That was the buffalos last effort, he fell and was dead. Unless you have seen one you have no idea how ugly and savage they are.

The boys complimented me on "saving the day" as they said.

They began a once to cut up the meat, some at one anamel, and others had driven over to the one farther away. They saved only the hind quarters. While they were doing that--nine big ones passed within half a mile, and in the distance we saw a great heard cross the divide, graze on this side, then cross back.

We drove back to Sandy creek-- and camped for the night, as it was well toward evening. The boys spread the waggon cover on the grass--then cut the mea in pieces to cool, and put it on the cover, while cousin Tom and I got supper.

We had brought wood for fire, and cooking water along.

Besides bacon--we had buffalo stake, bread and coffee, which we ate from and drank from tin cups. How all enjoyed that supper. How they joaked and laughed, for every on was satisfied with the days sport.

My eyes hurt from looking so much, and the hot sun. Brother H[iram] put a robe under the waggon, and I laid down--using a comfort for cover, as it grew cool when the sun went down. I kept on my sun bonnet--to keep insects out of ears and hair. I did not sleep much, the boys were so noisy. A skunk chaced J.R. and he could not come back to camp, until one of the boys--went out and shot it. Then all would get quiet, I suppose someone would say something funny, and another laugh would follow.

The first thing we heard Tuesday early, was brother H[iram] crowing with all his might. Some salted and packed the meat in the barrel, others got breakfast, and still others fed the mules.

That over we started back, with all the mules hitched to the waggon. I drove some miles "four in hand," and felt great.

Sometimes I drove through a buffalo wallow, where they had lately rolled in the dust, and we would all get a jolt. Brother H[iram] and cousin Tom, were pleased with the hunt; so was I. After we have been having the ague so much, I had not expected I would have a chance to go.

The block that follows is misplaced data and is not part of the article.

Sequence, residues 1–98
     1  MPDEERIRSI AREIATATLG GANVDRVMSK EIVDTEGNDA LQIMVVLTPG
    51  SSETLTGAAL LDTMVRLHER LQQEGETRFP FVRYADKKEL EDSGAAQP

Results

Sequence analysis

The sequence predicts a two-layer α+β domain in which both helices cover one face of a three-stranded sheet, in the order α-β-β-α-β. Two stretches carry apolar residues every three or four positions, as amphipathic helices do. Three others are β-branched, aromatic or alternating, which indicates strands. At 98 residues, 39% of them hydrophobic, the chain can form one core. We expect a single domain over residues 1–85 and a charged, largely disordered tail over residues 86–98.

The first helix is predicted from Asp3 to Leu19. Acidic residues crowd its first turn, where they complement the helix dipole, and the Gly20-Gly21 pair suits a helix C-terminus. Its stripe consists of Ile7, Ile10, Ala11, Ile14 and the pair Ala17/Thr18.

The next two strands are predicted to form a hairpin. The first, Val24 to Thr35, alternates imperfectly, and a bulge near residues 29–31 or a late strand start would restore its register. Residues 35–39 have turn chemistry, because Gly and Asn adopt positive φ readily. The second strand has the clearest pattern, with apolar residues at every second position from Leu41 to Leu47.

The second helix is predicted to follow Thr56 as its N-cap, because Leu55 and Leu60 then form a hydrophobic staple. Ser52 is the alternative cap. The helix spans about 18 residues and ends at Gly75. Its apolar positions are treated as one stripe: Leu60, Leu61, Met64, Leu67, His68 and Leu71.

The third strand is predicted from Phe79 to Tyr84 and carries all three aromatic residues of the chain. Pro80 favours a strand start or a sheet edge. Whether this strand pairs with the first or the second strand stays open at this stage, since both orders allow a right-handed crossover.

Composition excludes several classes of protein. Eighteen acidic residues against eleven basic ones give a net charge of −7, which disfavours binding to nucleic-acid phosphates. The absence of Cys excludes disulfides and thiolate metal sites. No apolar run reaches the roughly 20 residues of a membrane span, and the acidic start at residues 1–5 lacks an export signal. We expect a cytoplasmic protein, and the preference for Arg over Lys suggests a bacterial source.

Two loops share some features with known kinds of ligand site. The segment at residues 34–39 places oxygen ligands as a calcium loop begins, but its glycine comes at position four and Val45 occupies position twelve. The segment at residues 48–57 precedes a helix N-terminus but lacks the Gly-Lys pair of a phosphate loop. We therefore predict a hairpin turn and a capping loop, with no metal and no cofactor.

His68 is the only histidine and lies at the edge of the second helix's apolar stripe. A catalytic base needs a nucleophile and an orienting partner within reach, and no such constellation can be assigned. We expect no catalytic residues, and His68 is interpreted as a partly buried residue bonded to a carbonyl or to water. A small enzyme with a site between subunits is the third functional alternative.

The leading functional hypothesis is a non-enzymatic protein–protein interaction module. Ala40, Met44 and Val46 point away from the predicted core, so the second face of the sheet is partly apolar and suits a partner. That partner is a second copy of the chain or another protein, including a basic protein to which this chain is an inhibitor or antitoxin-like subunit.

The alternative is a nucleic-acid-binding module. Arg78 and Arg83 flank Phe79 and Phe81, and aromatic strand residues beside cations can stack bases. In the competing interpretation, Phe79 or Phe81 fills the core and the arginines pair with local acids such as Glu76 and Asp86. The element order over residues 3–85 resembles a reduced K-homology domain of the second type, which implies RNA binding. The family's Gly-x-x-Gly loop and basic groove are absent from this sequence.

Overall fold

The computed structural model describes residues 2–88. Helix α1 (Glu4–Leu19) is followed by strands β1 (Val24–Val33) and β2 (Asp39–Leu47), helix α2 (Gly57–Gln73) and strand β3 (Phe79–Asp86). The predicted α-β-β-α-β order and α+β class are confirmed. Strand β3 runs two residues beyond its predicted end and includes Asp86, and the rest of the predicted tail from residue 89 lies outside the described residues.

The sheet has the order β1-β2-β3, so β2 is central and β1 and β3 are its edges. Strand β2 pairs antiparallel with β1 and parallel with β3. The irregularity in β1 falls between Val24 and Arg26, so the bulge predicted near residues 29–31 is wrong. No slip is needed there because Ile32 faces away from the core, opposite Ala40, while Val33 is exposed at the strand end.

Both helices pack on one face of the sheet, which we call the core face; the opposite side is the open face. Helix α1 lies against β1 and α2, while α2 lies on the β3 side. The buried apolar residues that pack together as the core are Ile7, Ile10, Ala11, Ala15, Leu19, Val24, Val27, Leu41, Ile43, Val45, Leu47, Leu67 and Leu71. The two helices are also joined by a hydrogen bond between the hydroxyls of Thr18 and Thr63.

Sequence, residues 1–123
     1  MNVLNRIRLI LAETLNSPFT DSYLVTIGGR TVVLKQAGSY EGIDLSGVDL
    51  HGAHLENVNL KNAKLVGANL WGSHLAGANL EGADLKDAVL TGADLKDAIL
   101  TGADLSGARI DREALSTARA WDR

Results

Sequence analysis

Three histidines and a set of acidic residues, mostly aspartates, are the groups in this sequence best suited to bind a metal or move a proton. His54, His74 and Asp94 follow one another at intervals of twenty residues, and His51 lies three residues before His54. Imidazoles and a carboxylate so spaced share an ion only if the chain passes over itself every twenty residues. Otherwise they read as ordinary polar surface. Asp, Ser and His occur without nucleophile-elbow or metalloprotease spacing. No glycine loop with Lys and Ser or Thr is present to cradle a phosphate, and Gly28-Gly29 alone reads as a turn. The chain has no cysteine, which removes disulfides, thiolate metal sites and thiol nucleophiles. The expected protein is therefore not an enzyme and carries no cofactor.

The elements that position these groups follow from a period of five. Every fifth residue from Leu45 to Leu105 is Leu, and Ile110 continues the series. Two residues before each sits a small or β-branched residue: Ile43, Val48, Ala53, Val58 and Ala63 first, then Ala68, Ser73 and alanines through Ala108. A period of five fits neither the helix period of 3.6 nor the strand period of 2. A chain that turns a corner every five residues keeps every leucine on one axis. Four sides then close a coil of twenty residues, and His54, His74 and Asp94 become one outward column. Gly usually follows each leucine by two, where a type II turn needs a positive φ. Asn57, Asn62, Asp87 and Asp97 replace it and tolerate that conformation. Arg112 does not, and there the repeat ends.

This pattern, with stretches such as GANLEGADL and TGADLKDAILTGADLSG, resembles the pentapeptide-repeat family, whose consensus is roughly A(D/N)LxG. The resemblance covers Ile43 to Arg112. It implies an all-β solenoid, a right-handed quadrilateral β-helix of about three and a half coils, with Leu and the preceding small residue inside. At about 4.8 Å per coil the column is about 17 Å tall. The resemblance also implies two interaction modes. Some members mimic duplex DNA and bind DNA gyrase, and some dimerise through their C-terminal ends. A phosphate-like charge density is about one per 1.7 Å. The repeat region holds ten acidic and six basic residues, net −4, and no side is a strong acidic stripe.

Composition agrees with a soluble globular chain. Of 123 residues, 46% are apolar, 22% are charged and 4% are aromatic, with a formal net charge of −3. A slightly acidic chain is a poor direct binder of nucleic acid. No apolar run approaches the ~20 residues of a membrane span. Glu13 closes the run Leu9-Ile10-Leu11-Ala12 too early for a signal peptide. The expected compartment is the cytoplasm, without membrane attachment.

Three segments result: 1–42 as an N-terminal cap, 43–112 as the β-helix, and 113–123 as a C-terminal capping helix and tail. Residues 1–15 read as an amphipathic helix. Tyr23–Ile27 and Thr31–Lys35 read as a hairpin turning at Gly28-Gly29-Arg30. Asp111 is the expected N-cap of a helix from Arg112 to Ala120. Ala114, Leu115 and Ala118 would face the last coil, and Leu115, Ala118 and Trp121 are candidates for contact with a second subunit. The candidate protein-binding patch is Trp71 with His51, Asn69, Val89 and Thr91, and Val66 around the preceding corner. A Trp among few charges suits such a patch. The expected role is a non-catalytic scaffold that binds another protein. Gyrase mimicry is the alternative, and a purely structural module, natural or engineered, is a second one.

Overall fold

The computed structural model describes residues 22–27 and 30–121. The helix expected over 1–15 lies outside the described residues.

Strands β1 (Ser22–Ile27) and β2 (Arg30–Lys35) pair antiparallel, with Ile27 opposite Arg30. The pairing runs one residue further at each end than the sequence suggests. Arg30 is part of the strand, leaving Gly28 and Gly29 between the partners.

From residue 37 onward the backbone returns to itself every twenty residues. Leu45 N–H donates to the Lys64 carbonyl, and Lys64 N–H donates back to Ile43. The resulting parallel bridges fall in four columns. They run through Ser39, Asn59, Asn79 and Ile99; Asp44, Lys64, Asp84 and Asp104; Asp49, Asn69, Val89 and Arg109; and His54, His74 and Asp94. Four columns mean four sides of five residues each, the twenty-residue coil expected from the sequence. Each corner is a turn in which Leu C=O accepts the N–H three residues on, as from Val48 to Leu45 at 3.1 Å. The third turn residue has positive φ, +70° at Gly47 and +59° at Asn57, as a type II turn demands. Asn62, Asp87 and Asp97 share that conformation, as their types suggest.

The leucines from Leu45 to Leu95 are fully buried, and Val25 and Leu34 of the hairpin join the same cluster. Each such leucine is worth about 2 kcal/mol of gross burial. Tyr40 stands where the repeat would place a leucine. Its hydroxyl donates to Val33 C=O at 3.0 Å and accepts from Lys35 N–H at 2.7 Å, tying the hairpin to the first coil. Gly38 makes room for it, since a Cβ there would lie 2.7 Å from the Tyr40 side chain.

We reached home befoe noon. Mr. Rose [Ross] came and got some meat for himself and I[n]gmires--. We did not want much. I set sponge [yeast] at once to bake, as the boys leave tomorrow and I want bread for their lunch. I pelted the sponge, and baked after the others had gone out to sleep.

Brother H[iram] wanted me to go with him, but I said no, I will stay the six months--and I wont leave P[hilip] now. Up early next morning. I wanted to go along as far as Lanes. A heavy dew, and the boys though I had better stay home, but I wanted to go so badly.

They went ahead, I followed holding up my clothes the best I could. My shoes, stockings, and even garters got wet. When we reached North's [West's] house they were hitching the team. When we got to Lanes I got out, and they drove on. It hurt to see them go. Mr. & Mrs. L[ane] and her brother were all ailing. I tidied the house, and worked all a.m. to give her a rest. After dinner I got a chill then fever.

I said I must go home, I did not want to leave brother alone.She urged me to stay, that Mr. L[ane] would take me home in the morning. I know how it would go in the morning, and said if they would get the pony, I'd go.

When I go as far as the North [West] house [bachelors Rest] I stoped to rest. George lifted me from the saddle, Mr. Smith made a cup of tea--and after a time was able to ride on, Mr. Smith insisting that George get a horse and ride along. I thank them whenever I think of it as I was hardly able to sit on the pony, and I found Philip with fever again.

Sept. 1st -- Wrote to mother and rested.

Sept. 2nd -- Almost discouraged, Philip still has fever. I had another chill, and have no appetite.

[Sept.] 3d -- Baked two loaves for over Sunday. If we dont eat more, they will last a long time. I fed and watered the ox. He is quite a pet, although he had long hornes, I am not afraid of him. I fed him corn and mellons. When I call him, he comes as far as the roap will let him. I was moving him to a new feeding place, and he put his nose on my shoulder. Too bad his mate died. They were such a good yoke of oxen--and so tame.

Thousands and thousands of Texas cattle, were driven north this Summer. Some have been allowed to graze on this side of the river before crossing. Texas cattle generate--I think that is the word--in their feet during the long trip, a substance that poisens the grass--This does not hurt them--but if native cattle eat that grass it poisens them and they die of wha is called Texas fever. [30] That is what killed the one ox.

Philip thinks he is a little better this evening. J. R. just came. He should stay more on his clame. Brother H[iram] brought us apples, material for a shirt for P[hilip] and calico for me a dress. Such a lot of writing paper--and buff envelopes. P[hilip] had brought a lot along from W[ichita]. So I'll not soon be out of writing material.